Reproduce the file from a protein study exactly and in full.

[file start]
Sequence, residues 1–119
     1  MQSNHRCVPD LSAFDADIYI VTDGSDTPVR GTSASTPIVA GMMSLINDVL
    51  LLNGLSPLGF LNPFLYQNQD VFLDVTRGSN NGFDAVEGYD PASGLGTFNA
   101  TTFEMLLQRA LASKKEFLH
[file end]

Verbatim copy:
Sequence, residues 1–119
     1  MQSNHRCVPD LSAFDADIYI VTDGSDTPVR GTSASTPIVA GMMSLINDVL
    51  LLNGLSPLGF LNPFLYQNQD VFLDVTRGSN NGFDAVEGYD PASGLGTFNA
   101  TTFEMLLQRA LASKKEFLH